Economy on course for over €600m surplus

The Government’s pre-Budget White Paper shows the economy is on course to deliver a surplus this year of €609 million.

The White Paper also shows another significant overrun on corporate tax receipts, which are €800m higher than forecast at the start of the year.

The White Paper is part of the architecture of the annual Budgetary process.

It sets out where the public finances would be at the end of the year, if the Minister for Finance Paschal Donohoe did nothing on Budget Day.

So far, the economy is performing stronger than forecast delivering a surplus of €609m this year compared to a broadly break even situation predicted at Budget time last year.

Evidence of this boost can be seen in corporate tax receipts rolling in €800m more than forecast, however, Government spending has also risen more than forecast.

It is running over €400m ahead with supplementary or extra funds required for Health, Justice and Education.

The White Paper also notes that the Irish contribution to the EU Budget is set to increase next year by a billion euro to €3.475bn.

Meanwhile, the returns from customs revenue is expected to almost quadruple from €366mto €1,241m, another indicator of the calculations behind a hard Brexit with potentially a hard border.

Speaking ahead of the publication of the White Paper, Minister Donohoe, said that a planned deposit of €500m into the ‘Rainy Day Fund’ will not be made this year as the Government is expected to have to borrow next year to deal with a possible no-dealBrexit.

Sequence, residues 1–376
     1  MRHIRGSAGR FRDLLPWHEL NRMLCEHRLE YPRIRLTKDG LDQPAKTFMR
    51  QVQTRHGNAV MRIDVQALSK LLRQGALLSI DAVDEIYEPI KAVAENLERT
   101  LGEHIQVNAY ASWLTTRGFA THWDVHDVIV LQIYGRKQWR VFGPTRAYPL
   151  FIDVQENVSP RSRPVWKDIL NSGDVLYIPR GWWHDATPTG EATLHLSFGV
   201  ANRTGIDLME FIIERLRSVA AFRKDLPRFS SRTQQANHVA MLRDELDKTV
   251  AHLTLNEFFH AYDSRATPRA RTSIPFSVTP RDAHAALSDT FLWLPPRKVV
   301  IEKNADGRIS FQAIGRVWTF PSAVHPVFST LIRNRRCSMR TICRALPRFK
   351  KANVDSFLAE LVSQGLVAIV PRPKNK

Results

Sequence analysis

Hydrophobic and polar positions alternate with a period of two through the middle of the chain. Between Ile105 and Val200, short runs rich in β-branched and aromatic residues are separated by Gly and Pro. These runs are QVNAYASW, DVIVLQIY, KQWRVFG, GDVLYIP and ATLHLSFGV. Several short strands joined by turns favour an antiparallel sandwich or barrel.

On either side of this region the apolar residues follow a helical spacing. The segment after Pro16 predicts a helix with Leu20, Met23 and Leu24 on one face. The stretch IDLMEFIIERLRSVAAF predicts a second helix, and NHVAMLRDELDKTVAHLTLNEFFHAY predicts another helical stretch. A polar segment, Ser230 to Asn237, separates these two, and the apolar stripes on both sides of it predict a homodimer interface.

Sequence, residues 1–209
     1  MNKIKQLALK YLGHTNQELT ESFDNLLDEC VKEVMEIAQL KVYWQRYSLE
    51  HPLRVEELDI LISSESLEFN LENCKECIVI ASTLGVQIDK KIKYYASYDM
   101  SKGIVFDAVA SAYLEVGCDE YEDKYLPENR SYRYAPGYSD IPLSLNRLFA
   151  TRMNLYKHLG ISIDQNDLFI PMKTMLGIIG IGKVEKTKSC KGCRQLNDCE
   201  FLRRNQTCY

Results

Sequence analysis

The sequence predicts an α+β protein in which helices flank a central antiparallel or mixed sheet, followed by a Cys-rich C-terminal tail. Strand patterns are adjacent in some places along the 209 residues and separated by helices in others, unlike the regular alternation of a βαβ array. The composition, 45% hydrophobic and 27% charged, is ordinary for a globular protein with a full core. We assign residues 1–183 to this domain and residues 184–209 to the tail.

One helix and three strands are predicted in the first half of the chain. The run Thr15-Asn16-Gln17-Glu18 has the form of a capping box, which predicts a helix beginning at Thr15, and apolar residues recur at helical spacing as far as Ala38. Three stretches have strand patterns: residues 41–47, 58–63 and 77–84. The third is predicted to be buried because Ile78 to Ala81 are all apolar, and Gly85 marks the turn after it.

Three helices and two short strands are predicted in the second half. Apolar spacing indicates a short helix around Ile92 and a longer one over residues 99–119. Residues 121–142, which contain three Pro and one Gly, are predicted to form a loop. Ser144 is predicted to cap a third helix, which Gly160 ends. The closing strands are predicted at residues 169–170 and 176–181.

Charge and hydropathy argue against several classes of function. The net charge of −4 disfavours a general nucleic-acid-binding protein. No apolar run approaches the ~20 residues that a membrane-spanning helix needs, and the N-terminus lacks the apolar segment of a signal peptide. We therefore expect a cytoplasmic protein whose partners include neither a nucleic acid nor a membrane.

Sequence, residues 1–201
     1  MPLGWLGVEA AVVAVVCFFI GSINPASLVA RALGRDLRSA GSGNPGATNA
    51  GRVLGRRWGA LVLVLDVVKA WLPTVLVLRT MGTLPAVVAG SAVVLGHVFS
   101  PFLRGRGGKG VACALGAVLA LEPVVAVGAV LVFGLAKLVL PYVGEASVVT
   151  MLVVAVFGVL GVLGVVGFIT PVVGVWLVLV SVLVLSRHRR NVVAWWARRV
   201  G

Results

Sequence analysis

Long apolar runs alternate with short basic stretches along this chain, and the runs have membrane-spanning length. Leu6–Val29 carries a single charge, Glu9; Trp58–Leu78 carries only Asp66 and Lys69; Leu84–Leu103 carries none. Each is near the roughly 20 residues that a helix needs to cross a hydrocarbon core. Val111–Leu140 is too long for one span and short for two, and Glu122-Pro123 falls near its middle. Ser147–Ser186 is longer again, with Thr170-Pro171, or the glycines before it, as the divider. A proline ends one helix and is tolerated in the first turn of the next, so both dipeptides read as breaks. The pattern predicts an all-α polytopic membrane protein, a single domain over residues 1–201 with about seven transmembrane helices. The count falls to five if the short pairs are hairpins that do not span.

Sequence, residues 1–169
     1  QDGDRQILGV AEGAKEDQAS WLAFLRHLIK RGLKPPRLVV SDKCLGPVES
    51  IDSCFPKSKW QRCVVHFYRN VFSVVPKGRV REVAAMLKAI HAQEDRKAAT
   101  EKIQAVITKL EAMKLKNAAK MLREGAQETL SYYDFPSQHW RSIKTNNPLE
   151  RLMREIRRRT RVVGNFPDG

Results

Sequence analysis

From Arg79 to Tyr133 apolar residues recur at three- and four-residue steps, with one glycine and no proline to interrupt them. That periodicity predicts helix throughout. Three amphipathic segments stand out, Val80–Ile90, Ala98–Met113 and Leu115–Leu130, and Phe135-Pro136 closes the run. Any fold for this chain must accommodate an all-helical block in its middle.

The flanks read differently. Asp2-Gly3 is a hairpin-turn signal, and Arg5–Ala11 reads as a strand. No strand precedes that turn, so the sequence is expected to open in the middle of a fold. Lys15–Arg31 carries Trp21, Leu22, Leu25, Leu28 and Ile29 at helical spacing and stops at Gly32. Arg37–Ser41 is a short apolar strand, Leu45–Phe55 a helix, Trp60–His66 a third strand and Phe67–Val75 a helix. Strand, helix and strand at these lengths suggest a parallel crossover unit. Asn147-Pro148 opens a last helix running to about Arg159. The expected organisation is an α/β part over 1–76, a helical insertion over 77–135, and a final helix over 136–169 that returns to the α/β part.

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Blanket social welfare increase in Budget ruled out

Blanket social welfare increase in Budget ruled out

Discussions are continuing between Government departments throughout the weekend ahead of Tuesday’s Budget.

There is a particular focus on the Department of Social Protection, where an across the board increase in social welfare payments has been ruled out.

Instead any rise in payments is set to be confined to areas that would help children at risk of poverty and vulnerable elderly people.

This could mean increases in the Living Alone Allowance and the Qualified Child payment.

More home help hours for the elderly is another area that is being closely examined.

The extra revenue available for new Social Protection measures is understood to be around €150 million, which is well down on previous years.

There is also a limited amount of money for tax cuts. However, an increase in the tax credit for the self-employed is expected to be announced on Tuesday.

The Taoiseach has said there will be modest, targeted welfare increases in the Budget.

Leo Varadkar said this Budget has to be different because of Brexit, adding that the country cannot afford tax and welfare packages on the scale of the last three years.